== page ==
While being outside in Massachusetts this June, I first noticed it. A lot of leaves were falling from the trees, only these were chewed leaf parts, not whole leaves.
Similar to the children's book, The Very Hungry Caterpillar written by Eric Carle, some leaves didn’t just have chew marks but actual holes going straight through them. Unlike the children’s book, this damage isn’t being caused by a friendly caterpillar who turns into a butterfly. Instead it’s the result of ravenous gypsy moth caterpillars feeding…and feeding. It’s so bad that in some areas, on walkways and roadways, it looks like fall. Brown, dried up leaves are a contrast to summer’s lush greenery.
What comes along with all the feeding and falling leaf parts? Caterpillar feces, everywhere. It too covers walkways and roadways. And you don’t have to listen hard to hear the feeding, or the leaves and feces dropping. The chewing is constant and so are the droppings. It almost sounds like rain falling, continuously. I regret that I did not take a picture of a car covered with caterpillar feces that I saw at the grocery store this weekend, which looked like it had peppercorns stuck all over it. Don’t park under a tree, or like everything else, your car will be covered.
Gypsy moth is not everywhere in the United States. It’s primarily in the northeast to mid-west, and it’s Federal and State agriculture officials’ goal to not let it spread further. You can do your part to help by finding out if you are in an area that already has gypsy moth, and if you’re not, report any gypsy moth egg masses or caterpillars on trees to Federal or State agriculture officials. Also, the USDA’s Animal and Plant Health Inspection Service (APHIS) is asking folks to check for gypsy moth before you move to a new area by inspecting your outdoor household articles (lawn furniture, yard equipment, outdoor toys, etc.) for gypsy moth egg masses and remove them. It's not just the right thing to do—it's also the law. And now it’s easier than ever because APHIS just made its gypsy moth inspection checklist a fillable PDF (page 2 of our gypsy moth factsheet) that can be digitally signed, making it acceptable in all situations where the form is required.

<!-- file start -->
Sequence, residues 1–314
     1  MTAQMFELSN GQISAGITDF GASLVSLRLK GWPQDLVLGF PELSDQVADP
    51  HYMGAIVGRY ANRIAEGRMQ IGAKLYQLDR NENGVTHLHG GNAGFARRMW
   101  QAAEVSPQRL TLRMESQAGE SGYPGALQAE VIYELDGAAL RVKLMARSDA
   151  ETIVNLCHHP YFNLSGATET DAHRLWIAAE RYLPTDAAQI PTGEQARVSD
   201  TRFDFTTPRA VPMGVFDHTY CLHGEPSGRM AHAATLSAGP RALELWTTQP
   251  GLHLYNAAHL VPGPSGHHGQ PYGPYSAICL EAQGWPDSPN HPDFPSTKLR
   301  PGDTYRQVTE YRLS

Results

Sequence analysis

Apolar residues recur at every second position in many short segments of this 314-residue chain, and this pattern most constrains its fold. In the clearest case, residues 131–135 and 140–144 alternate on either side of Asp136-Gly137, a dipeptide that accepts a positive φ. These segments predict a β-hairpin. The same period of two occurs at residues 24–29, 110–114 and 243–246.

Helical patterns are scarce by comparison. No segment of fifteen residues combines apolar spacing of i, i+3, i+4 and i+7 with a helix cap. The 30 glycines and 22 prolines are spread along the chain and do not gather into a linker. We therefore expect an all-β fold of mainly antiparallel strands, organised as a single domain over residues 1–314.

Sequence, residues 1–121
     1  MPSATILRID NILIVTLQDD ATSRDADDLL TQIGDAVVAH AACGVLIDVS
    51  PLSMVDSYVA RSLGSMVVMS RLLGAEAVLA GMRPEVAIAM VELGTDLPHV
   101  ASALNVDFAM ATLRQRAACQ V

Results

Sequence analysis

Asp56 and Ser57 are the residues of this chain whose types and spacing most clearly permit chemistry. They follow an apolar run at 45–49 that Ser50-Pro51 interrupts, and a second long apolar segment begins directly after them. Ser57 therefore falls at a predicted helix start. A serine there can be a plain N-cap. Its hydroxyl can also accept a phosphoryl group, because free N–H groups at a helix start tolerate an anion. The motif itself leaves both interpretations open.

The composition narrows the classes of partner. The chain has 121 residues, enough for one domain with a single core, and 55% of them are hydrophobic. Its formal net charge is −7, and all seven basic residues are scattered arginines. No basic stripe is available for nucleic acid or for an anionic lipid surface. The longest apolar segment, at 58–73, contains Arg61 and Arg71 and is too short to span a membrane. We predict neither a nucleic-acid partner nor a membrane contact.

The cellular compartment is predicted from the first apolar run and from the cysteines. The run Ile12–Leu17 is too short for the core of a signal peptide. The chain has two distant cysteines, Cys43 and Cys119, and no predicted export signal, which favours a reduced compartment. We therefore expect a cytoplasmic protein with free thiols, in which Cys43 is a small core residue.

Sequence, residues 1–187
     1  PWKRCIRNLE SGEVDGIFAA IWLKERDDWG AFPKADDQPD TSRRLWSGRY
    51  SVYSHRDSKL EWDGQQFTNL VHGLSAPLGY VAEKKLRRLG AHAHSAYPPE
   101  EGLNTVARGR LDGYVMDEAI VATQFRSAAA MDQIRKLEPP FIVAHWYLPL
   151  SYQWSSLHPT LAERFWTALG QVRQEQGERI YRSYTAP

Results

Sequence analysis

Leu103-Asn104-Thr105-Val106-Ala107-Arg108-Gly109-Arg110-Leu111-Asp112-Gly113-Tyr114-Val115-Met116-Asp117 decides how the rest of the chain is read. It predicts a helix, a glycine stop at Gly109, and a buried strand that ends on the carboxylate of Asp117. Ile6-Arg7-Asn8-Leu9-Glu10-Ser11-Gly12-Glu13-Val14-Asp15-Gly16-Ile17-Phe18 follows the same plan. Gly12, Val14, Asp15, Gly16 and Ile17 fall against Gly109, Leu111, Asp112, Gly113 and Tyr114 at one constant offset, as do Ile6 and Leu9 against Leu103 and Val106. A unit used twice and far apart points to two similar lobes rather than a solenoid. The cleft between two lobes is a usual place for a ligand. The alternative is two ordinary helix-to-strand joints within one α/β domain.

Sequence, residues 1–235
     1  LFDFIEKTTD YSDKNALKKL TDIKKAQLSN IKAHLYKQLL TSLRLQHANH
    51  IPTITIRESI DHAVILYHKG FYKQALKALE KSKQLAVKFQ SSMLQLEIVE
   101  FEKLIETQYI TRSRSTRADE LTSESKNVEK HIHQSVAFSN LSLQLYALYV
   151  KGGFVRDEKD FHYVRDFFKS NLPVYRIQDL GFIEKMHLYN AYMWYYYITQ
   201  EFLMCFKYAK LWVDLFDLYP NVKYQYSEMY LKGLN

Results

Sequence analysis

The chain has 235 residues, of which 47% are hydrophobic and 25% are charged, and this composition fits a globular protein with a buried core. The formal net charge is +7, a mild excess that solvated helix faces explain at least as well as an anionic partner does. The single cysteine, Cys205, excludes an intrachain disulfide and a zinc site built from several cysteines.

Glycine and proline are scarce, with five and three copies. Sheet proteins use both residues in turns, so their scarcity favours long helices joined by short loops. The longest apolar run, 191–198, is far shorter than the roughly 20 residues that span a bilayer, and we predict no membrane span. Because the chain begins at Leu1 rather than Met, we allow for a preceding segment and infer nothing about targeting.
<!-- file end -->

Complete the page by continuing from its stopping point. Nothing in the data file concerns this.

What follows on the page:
The gypsy moth caterpillars here in Massachusetts are ruining thousands of trees, changing the way the landscape looks. The crabapple tree I planted two years ago didn’t bloom this year, and it may not survive these gypsy moth caterpillar attacks. Please help prevent this insect from moving to other areas by visiting www.HungryPests.com to learn more about gypsy moth and other invasive pests we don’t want in the United States.